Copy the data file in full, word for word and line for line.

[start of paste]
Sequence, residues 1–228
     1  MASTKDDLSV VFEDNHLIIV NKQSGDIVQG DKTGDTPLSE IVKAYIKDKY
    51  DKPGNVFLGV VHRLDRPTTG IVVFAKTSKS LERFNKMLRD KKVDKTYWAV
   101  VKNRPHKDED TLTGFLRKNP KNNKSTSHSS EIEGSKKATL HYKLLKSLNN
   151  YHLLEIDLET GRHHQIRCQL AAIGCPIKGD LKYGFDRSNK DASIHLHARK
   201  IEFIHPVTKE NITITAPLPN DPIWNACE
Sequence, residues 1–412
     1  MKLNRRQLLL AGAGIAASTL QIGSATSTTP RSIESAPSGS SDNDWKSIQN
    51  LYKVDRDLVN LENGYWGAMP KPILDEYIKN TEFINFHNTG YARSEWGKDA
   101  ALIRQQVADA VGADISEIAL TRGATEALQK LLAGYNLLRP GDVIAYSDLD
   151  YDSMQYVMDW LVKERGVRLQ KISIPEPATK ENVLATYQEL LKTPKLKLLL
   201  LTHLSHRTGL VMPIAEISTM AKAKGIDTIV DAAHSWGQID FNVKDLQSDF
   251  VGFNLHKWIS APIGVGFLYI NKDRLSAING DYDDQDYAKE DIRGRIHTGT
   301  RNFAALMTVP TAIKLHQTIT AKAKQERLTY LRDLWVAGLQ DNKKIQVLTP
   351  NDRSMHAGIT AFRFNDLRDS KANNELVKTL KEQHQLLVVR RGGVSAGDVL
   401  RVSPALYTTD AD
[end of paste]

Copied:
Sequence, residues 1–228
     1  MASTKDDLSV VFEDNHLIIV NKQSGDIVQG DKTGDTPLSE IVKAYIKDKY
    51  DKPGNVFLGV VHRLDRPTTG IVVFAKTSKS LERFNKMLRD KKVDKTYWAV
   101  VKNRPHKDED TLTGFLRKNP KNNKSTSHSS EIEGSKKATL HYKLLKSLNN
   151  YHLLEIDLET GRHHQIRCQL AAIGCPIKGD LKYGFDRSNK DASIHLHARK
   201  IEFIHPVTKE NITITAPLPN DPIWNACE
Sequence, residues 1–412
     1  MKLNRRQLLL AGAGIAASTL QIGSATSTTP RSIESAPSGS SDNDWKSIQN
    51  LYKVDRDLVN LENGYWGAMP KPILDEYIKN TEFINFHNTG YARSEWGKDA
   101  ALIRQQVADA VGADISEIAL TRGATEALQK LLAGYNLLRP GDVIAYSDLD
   151  YDSMQYVMDW LVKERGVRLQ KISIPEPATK ENVLATYQEL LKTPKLKLLL
   201  LTHLSHRTGL VMPIAEISTM AKAKGIDTIV DAAHSWGQID FNVKDLQSDF
   251  VGFNLHKWIS APIGVGFLYI NKDRLSAING DYDDQDYAKE DIRGRIHTGT
   301  RNFAALMTVP TAIKLHQTIT AKAKQERLTY LRDLWVAGLQ DNKKIQVLTP
   351  NDRSMHAGIT AFRFNDLRDS KANNELVKTL KEQHQLLVVR RGGVSAGDVL
   401  RVSPALYTTD AD